FROM: GBOD, The General Board of Discipleship, Nashville
The answer to both questions is"yes."An Associated Press release in this morning's (8/1/07) Nashville newspaper, The Tennessean, (p.2E) reports that local authorities recently arrested a man who copied hundreds of CDs and DVDs and was selling them from the trunk of his car. He was sentenced in Federal Court this week to 10 months in prison for copyright violation. At the time of his arrest, authorities found more than 500 copied recordings and films in his car, along with recording equipment powered by his car battery, blank CDs and DVDs, some of which were still being shown in theaters, plus $11,000 worth of illegally recorded CDs and DVDs and $10,000 in cash. The copies will be destroyed and the cash paid to the victim industries as restitution.
The U.S. Attorney said, â€œViolations of intellectual property crimes and copyright laws such as this occupy a high priority with both the Department of Justice and this U.S. Attorney's office in particular."
What does this mean for local churches? It means that if you are doing any of the following without the proper permissions or licenses, you;re in danger:
- Showing videos at your church youth group, child care, camps, retreats, or Sunday Schools, even if those videos are legally rented or purchased.
- Showing film clips in worship as sermon illustrations.
- Video recording your worship services, choir concerts, children's musicals, or anything else that contains copyrighted music.
- Making audio recordings of services, concerts, musicals, or anything else that contains copyrighted music.
- Making copies of original recordings of choir or solo music, accompaniment tracks, or by original artists, and giving or selling them to your choir members so that they can practice the music or learn their parts outside of rehearsal.
- Selling or giving away audio or visual recordings containing copyrighted music, including to performers, parents, members, or shut-ins.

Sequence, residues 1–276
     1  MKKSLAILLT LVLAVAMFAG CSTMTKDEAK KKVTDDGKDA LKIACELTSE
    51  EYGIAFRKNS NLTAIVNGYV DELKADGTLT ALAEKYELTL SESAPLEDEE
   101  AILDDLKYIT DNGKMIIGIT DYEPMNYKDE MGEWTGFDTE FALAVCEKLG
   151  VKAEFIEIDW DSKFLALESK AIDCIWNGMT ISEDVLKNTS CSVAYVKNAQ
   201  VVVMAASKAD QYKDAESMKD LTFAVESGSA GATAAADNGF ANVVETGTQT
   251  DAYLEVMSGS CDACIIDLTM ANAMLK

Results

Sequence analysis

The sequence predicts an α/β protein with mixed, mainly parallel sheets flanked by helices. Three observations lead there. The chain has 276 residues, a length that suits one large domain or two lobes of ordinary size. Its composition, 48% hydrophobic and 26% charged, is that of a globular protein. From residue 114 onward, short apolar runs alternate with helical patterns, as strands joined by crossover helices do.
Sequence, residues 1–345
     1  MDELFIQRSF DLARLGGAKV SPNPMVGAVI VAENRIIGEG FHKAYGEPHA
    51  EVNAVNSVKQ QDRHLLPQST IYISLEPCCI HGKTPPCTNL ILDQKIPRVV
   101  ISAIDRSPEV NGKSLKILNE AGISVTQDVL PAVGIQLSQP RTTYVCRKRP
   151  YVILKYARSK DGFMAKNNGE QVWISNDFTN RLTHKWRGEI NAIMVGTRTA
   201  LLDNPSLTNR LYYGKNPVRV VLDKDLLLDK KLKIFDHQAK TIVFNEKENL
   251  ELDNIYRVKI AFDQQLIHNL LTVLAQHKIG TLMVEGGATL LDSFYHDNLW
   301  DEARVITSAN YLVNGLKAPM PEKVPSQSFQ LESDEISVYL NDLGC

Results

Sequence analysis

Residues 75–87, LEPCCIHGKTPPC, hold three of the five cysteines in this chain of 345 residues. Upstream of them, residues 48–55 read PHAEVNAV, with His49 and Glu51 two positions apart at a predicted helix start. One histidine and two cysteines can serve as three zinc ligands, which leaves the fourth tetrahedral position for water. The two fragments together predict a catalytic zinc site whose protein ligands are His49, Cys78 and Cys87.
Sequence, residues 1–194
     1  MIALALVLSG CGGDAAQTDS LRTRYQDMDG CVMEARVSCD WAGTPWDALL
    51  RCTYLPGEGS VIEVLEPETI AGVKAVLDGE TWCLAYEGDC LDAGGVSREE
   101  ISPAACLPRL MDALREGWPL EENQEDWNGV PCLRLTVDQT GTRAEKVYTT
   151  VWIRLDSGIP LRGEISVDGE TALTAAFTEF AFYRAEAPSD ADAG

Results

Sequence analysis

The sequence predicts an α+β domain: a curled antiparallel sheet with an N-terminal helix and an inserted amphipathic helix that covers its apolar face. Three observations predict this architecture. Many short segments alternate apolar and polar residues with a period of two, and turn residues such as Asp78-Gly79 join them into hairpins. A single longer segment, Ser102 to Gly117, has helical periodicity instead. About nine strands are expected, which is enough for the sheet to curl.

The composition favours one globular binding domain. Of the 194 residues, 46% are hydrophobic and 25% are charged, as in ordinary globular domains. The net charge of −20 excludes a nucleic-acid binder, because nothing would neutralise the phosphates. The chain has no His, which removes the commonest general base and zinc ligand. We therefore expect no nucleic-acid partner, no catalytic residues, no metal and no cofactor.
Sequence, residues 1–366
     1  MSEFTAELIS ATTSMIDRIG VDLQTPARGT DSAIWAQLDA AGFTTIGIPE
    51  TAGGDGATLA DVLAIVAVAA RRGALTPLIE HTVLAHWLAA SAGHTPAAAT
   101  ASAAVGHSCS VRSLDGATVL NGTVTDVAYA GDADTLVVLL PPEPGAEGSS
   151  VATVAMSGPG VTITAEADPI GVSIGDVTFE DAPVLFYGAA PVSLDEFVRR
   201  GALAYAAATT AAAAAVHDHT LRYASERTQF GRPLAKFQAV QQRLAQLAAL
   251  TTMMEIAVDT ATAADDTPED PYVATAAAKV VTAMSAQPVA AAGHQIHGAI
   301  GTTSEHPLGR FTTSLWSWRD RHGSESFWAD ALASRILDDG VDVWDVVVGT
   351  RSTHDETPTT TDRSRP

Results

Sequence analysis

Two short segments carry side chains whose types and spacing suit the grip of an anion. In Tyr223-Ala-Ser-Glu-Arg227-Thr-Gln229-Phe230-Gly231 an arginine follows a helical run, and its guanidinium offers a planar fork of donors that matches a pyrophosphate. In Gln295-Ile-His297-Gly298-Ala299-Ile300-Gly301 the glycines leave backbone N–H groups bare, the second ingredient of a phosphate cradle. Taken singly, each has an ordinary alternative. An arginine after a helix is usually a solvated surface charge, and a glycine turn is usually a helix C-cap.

- Making or allowing the making of audio or video recordings of weddings or funerals in your church that contain copyrighted music.
- Radio broadcasting or TV telecasting, live or pre-recorded, of worship services containing copyrighted music.
Need help? Look at the information on the GBOD music Web site at http://www.gbod.org/worship/default.asp?act=reader&item_id=45065&loc_id=17,19
No. In fact, many Annual Conferences have been collecting health insurance premiums and pension contributions through direct billing for a number of years.
Yes, in most cases. The local church will still need to pay the health insurance premiums and pension contributions directly through the billing system, but the apportionment amount of most churches was reduced.
Yes, and this is exactly what we have been doing. However, the number of churches who say they cannot pay their apportionments is increasing, while the number of churches that do pay apportionments has been decreasing. At this rate, only a few churches will be paying for the churches which claim they are unable to pay their apportionments. In order to best fund mission and ministry, a change is needed.
You can perform the work live in your worship service, but you need permission (usually in the form of a license) to publish that performance online.
Yes. This enables the person to know you are updating the background check.
Yes. From the Assemblies of God and Seventh Day Adventist to the United Church of Christ and Roman Catholic dioceses, captives have become important mechanisms through which the church controls her destiny by assuming some risk, accumulating significant capital (that otherwise would go to the insurance carrier as profit) and building strong risk management systems to minimize the risk of loss overall. A captive enables a church to do ministry and to do it as the church envisions it without ministry having to be shaped or limited by the concerns of a for-profit insurance carrier.